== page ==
Crude prices on Thursday bottomed out from recent low levels as some investors took profits from a long losing streak.
The West Texas Intermediate (WTI) crude prices stopped a nine- day drop, the longest losing session since 2009. However, WTI is still trading near the highest level since 2008.
A pair of positive U.S. economic data which showed that the world's largest economy remained on track of recovery may boost future demand for crude oil.
In the week ending July 5, the advance figure for seasonally adjusted initial claims was 304,000, a more-than-expected decrease of 11,000 from the previous week, the U.S. Labor Department said Thursday.
Meanwhile, U.S. wholesale inventories, a key component of gross domestic product (GDP) changes, rose 0.5 percent in May from April, slightly lower than market consensus, but still signaling a pickup in momentum for the U.S. economy in the second quarter of this year.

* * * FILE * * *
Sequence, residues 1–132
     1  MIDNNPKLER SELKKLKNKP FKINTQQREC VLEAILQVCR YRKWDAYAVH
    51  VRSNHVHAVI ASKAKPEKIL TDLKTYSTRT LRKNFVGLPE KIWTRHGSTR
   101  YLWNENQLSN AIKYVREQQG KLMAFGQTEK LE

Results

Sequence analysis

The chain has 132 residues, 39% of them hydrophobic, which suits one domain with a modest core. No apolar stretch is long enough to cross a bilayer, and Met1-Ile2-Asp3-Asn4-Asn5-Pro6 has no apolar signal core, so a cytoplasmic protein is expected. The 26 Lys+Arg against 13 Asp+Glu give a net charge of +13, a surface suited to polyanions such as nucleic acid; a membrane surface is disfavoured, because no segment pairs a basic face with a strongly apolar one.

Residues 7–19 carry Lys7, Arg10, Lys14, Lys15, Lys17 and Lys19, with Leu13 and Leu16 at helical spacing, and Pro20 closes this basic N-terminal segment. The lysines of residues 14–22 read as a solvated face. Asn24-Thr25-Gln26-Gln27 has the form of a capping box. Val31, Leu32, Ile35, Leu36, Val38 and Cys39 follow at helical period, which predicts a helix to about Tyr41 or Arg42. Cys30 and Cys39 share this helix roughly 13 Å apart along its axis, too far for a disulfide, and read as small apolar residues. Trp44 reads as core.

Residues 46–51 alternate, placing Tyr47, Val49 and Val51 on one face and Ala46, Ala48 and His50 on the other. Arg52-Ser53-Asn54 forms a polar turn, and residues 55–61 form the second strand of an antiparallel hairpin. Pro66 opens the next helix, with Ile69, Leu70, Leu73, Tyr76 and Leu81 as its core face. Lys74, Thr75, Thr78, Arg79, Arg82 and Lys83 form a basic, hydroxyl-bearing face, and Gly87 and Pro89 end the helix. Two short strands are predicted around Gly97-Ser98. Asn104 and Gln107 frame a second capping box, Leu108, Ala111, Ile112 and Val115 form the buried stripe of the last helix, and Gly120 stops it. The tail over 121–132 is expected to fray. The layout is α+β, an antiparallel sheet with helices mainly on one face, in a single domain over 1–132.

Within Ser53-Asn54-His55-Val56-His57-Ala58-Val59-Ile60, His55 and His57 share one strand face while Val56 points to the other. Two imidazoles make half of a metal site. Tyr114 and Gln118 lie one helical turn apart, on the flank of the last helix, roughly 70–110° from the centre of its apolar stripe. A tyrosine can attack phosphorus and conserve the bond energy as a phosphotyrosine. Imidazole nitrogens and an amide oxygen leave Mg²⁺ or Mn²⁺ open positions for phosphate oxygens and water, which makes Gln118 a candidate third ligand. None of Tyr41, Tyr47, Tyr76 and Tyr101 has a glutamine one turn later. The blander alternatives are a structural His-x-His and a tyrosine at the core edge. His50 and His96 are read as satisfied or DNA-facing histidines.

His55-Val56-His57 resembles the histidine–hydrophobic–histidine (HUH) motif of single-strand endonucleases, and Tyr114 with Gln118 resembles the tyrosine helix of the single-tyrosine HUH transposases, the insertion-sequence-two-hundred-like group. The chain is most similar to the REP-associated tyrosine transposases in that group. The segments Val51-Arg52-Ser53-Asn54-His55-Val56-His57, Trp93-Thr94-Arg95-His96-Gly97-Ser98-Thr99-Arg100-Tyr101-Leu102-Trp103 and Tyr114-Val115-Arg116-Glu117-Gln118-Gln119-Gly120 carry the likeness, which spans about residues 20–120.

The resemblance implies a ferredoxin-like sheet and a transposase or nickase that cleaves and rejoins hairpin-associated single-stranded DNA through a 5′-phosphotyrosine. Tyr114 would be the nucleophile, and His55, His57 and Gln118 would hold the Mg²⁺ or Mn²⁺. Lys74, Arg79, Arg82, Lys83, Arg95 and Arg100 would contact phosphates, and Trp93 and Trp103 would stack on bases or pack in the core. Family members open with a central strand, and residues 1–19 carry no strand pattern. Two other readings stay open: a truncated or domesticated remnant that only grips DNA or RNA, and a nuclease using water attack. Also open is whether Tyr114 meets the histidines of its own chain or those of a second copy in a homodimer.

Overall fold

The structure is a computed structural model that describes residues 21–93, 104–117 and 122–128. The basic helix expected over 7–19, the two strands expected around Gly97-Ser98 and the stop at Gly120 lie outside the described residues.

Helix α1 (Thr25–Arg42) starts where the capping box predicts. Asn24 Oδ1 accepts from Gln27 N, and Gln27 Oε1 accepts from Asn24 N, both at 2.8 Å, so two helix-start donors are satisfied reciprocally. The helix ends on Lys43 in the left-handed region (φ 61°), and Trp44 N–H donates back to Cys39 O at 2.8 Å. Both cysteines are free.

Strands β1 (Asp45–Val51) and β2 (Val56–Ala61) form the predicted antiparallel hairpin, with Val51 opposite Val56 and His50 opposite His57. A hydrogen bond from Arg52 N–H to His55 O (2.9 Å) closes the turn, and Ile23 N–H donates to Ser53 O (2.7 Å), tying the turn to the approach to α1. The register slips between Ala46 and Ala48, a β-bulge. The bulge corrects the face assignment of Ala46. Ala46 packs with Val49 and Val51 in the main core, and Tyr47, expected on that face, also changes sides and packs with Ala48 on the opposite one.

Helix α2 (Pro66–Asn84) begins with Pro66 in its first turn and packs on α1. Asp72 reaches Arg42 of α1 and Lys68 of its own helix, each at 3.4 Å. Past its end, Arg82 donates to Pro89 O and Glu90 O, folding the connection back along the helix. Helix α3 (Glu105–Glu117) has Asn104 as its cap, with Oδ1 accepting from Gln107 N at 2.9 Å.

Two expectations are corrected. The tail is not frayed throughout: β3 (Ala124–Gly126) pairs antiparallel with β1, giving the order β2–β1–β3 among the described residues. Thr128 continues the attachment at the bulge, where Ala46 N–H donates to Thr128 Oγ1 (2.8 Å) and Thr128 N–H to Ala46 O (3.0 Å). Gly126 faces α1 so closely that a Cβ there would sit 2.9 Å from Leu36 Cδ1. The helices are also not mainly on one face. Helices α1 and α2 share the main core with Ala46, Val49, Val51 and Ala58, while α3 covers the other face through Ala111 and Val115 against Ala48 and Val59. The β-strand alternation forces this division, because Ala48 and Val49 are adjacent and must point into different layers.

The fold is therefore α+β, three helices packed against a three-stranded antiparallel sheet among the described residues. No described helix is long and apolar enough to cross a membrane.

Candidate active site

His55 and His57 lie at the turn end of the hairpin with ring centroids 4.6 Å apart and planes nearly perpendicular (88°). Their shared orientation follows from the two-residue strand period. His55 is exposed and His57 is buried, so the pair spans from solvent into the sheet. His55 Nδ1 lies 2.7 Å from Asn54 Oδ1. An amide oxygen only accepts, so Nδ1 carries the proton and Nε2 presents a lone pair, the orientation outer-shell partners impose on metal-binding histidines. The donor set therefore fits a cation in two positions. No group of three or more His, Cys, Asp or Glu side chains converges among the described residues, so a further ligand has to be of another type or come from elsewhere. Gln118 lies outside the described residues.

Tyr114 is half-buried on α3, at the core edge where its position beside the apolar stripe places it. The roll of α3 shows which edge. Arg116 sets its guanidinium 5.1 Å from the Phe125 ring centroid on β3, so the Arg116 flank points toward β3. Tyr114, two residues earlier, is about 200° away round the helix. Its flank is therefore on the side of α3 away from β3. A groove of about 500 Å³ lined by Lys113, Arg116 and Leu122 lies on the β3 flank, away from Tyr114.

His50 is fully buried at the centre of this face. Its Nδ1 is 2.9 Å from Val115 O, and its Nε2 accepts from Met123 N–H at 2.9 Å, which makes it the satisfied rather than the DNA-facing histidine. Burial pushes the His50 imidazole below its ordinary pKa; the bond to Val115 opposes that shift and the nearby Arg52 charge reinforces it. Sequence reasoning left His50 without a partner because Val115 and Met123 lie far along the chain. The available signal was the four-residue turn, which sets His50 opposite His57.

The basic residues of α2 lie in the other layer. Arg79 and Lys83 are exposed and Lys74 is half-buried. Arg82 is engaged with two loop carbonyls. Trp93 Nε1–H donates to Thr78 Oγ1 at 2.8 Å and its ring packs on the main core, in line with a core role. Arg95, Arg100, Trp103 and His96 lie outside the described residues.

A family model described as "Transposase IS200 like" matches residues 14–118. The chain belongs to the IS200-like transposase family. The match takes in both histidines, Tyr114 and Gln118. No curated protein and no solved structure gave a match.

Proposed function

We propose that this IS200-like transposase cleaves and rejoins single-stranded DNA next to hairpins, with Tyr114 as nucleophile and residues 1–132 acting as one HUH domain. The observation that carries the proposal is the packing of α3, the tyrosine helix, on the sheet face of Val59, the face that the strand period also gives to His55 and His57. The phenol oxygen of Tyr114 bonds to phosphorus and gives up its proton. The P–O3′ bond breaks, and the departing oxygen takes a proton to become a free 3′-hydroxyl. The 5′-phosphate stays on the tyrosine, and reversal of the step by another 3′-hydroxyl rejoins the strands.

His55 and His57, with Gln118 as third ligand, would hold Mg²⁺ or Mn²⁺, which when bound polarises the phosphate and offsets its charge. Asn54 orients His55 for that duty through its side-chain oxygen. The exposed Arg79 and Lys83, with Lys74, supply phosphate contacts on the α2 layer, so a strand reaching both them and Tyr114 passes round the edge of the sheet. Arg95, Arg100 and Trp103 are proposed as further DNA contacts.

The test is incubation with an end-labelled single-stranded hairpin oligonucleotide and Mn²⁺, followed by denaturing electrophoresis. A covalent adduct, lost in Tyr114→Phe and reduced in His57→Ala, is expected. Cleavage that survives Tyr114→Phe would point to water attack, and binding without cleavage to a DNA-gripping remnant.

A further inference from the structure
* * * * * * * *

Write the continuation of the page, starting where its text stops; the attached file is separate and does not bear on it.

Global crude oil prices had been falling for more than a week as investors were less concerned over crude supply from Iraq and Libya.
The violence in Iraq hasn't spread to the south, the source of most of the country's output. Iraq stands as the second-largest producer of the Organization of Petroleum Exporting Countries ( OPEC).
In addition, Libya's largest and third-largest ports, Es Sider and Ras Lanuf, were also ready to resume export after being occupied by rebels for a year.
Light, sweet crude for August delivery climbed 64 cents to settle at 102.93 U.S. dollars a barrel on the New York Mercantile Exchange, while Brent crude for August delivery increased 39 cents to close at 108.67 dollars a barrel.